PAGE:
The rationale for the aggression was fabricated, with lies interwoven with more lies and half-truths.

The conduct of the aggression has been inhumane, with a callous indifference for the Iraqi lives lost.

All moral, ethical and legal considerations seem to have been set aside in this unholy war.

Come November, Bush will be voted out of office by an overwhelming majority of decent and patriotic Americans.

I am one of them who will vote for the change.

Your comments:

From BBCArabic.com: We thank you for your opinion, though I don't think that the policy of the two parties differ from each other. You need democracy in a country that is ruled by the arms and industrial lobbies. With regard to us, we cannot see any hope in you if you don't choose a third path.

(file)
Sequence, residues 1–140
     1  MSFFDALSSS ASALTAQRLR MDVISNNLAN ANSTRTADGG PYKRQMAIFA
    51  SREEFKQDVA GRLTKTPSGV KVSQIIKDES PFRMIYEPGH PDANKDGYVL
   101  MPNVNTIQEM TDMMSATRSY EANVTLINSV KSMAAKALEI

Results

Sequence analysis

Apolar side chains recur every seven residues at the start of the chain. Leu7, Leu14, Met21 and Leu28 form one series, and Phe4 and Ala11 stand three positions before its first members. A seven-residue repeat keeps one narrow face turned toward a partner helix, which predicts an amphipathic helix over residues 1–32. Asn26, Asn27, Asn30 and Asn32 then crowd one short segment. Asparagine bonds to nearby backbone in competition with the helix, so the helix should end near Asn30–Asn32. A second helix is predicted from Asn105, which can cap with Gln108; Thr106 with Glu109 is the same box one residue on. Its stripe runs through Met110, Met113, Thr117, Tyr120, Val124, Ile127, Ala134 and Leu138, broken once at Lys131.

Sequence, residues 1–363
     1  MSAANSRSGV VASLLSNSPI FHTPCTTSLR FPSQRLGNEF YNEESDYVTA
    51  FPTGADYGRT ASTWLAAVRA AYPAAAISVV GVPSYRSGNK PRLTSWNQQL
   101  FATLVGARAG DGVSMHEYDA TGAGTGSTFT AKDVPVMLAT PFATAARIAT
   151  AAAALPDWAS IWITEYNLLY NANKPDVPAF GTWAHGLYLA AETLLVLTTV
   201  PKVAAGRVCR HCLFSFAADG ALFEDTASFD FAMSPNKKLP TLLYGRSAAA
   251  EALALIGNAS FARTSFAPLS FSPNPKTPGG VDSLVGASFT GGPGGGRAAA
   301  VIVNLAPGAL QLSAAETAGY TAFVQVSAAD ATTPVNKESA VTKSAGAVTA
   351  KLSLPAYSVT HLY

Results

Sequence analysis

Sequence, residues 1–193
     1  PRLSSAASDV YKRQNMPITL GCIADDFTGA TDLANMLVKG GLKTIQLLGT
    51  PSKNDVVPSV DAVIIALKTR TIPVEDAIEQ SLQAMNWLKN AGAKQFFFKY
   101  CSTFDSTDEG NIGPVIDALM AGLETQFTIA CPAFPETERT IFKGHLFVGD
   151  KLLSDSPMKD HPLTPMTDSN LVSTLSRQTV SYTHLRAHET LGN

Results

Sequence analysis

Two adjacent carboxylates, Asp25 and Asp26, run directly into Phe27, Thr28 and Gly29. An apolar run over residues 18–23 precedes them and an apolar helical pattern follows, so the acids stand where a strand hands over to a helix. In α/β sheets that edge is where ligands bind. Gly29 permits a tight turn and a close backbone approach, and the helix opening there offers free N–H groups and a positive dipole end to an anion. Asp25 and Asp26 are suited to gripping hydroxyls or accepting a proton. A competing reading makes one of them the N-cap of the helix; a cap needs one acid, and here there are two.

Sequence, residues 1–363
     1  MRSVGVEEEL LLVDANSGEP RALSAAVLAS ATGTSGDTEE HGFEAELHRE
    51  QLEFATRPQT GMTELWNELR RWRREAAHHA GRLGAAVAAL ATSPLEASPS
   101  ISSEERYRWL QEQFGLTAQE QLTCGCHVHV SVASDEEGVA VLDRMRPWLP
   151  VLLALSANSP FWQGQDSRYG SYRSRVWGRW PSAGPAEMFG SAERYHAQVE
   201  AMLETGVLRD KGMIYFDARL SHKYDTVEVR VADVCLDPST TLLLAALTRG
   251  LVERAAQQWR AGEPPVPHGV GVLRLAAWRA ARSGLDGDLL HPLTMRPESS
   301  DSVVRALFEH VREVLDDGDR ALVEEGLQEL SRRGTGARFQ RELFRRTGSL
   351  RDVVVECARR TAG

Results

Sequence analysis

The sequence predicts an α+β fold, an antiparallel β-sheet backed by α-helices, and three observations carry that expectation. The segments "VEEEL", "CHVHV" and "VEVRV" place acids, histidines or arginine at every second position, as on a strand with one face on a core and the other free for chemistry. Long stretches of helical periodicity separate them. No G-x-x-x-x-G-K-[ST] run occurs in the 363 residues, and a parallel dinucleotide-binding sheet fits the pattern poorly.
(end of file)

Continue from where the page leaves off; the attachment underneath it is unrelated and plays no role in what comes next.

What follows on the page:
Iraqi, Baghdad, Iraq

  From BBCArabic.com: I take this opportunity to emphasise something important: we don't hate America or the Americans; we hate only the American administration and their policies. I think we have the right to do that, as it is a natural thing to hate whoever attacks and hates you.
Said Bakr, Egypt

Shankar, you've got a leader you don't like & you're going to use your vote to get rid of him. Great! But, imagine if you were stuck with Bush for a lifetime and after that could expect to be ruled by Bush's kids. That's what a generation of Iraqi's have grown up with. At least now they have a chance of making things a bit better. They wouldn't without Bush's intervention.
Peter, Nottingham, UK